A Pokemon Go-themed ransomware virus has appeared on Windows computers, tablets and phones. The ransomware is the latest in a series of malicious applications that have popped up in the wake of the global Pokemon Go obsession.
This particular piece of malware is known as POGO Tear and it’s based on open source ransomware code called Hidden Tear. POGO Tear encrypts the files on victims’ computers, changes the extension to “.locked” and then demands a ransom on a screen emblazoned with famed character Pikachu’s picture.
POGO Tear is currently coded to display its ransom message in Arabic only as shown below. The text informs users that their data has been encrypted and instructs them to contact firstname.lastname@example.org to decrypt their files. It also thanks them for their generosity.
What’s interesting about this malware is that it incorporates several features not usually found in other ransomware viruses. POGO Tear creates an administrative user account called Hack3r on the victim’s machine and then hides it from the logon screen so the user can’t tell it’s there.
It also creates a network share on the victim’s computer and copies itself to all available network drives. The ransomware automatically executes when Windows starts.
How to recover from POGO Tear
When your computer is attacked with POGO Tear, it’s not enough to simply remove the infected files and restore from backup. Victims must also remove the backdoor administrator account and ensure that it has been cleaned from all removable drives and connected computers before performing restore operations. Otherwise, the administrative account could allow an attacker to install additional ransomware, or even steal data using more traditional attack methods.
It appears that POGO Tear is still in a beta or development stage. It uses a static decryption key which will most likely be replaced with a random key when it’s fully deployed. Currently, files encrypted by POGO Tear can be decrypted with the following AES encryption key: 123vivalalgerie
POGO Tear has a private IP address of 10.25.0.169 coded into it for command and control, indicating that the developer of it is still testing out command and control functionality since a private IP address cannot be directly referenced by other computers over the internet. This will most likely be replaced with a set of internet-accessible dynamic DNS names once the full version is released. POGO Tear does not exist in any other languages besides Arabic and it currently does not specify a value for the ransom.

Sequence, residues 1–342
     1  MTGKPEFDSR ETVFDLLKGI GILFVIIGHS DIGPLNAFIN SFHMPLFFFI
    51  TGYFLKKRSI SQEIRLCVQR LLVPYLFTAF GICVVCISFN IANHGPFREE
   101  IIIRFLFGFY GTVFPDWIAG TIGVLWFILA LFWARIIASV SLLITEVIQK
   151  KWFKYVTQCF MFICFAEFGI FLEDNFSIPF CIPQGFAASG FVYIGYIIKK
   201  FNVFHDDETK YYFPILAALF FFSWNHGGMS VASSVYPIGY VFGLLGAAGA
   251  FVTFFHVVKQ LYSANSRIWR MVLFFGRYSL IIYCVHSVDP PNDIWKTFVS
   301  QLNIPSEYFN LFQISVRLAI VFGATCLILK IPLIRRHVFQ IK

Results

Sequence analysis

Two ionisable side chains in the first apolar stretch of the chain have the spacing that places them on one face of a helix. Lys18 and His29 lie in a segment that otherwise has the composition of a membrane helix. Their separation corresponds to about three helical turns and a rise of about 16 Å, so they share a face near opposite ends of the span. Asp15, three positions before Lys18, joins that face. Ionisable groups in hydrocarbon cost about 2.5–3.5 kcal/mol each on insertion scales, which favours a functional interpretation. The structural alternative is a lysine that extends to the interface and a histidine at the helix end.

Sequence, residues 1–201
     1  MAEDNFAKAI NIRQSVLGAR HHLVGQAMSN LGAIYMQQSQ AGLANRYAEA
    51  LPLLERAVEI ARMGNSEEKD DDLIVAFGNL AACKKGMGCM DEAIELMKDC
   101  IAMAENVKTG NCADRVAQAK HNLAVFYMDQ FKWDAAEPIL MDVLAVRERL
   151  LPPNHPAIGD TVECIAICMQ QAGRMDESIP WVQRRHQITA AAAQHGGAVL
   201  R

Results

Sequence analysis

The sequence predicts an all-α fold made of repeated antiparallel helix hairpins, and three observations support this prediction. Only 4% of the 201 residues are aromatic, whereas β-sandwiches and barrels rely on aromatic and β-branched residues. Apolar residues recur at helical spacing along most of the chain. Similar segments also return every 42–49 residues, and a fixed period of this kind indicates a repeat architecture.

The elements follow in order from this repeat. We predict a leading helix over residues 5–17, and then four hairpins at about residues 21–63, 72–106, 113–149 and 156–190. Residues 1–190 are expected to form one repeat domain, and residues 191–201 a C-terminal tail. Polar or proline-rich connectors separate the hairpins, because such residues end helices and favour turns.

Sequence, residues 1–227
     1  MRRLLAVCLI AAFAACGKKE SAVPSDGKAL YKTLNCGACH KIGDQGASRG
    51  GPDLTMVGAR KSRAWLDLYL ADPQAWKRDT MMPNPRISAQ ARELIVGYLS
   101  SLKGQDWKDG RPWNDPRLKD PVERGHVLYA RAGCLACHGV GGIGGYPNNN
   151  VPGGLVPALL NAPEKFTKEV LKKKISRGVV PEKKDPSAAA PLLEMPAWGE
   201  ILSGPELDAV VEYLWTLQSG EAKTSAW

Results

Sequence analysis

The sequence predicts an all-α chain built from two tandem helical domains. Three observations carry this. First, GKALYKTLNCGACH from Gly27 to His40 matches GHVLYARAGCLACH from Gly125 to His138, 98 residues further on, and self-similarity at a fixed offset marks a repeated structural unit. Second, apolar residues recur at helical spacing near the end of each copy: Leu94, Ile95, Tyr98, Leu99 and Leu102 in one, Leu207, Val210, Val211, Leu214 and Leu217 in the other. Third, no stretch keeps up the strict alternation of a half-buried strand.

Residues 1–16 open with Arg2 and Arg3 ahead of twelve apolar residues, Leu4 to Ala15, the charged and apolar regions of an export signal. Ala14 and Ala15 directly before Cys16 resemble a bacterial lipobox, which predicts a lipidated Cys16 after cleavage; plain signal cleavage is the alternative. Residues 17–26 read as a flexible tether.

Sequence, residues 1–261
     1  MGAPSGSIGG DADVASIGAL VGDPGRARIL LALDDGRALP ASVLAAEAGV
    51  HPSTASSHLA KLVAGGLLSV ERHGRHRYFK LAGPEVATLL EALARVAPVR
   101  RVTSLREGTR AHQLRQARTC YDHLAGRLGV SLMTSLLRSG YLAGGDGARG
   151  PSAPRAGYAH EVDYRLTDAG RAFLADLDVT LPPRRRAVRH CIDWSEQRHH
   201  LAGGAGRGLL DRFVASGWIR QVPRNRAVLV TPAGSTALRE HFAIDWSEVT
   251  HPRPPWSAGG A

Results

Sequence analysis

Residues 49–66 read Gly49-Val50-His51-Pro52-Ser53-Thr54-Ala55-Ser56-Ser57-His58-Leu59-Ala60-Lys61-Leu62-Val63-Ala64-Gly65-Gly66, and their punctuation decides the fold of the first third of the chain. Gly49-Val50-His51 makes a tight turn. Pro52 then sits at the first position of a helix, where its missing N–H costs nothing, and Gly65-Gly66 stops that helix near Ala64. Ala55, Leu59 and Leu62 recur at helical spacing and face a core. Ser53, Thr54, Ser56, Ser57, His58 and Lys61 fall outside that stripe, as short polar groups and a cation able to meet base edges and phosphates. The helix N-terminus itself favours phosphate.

If you are infected with POGO Tear, you can decrypt your files with the key mentioned above. But be sure to have adequate backups, endpoint protection and network security controls in place to guard against the future release of the full version. And if you’re interested in playing Pokemon Go, be sure to download the official version from Niantic when visiting your favorite online app store.
For more news and information on the battle against ransomware, visit the FightRansomware.com homepage today.
About Eric Vanderburg
Eric Vanderburg is an information security executive, thought leader and author known for his insight on cybersecurity, privacy, data protection and storage. Some have called him the “Sheriff of the Internet” since he and his cybersecurity team at JurInnov protect companies from cyber threats, investigate data breaches, and provide guidance on safe computing.
Eric is passionate about sharing knowledge of cybersecurity and technology news, insights and best practices. He regularly presents on security topics and maintains a security blog.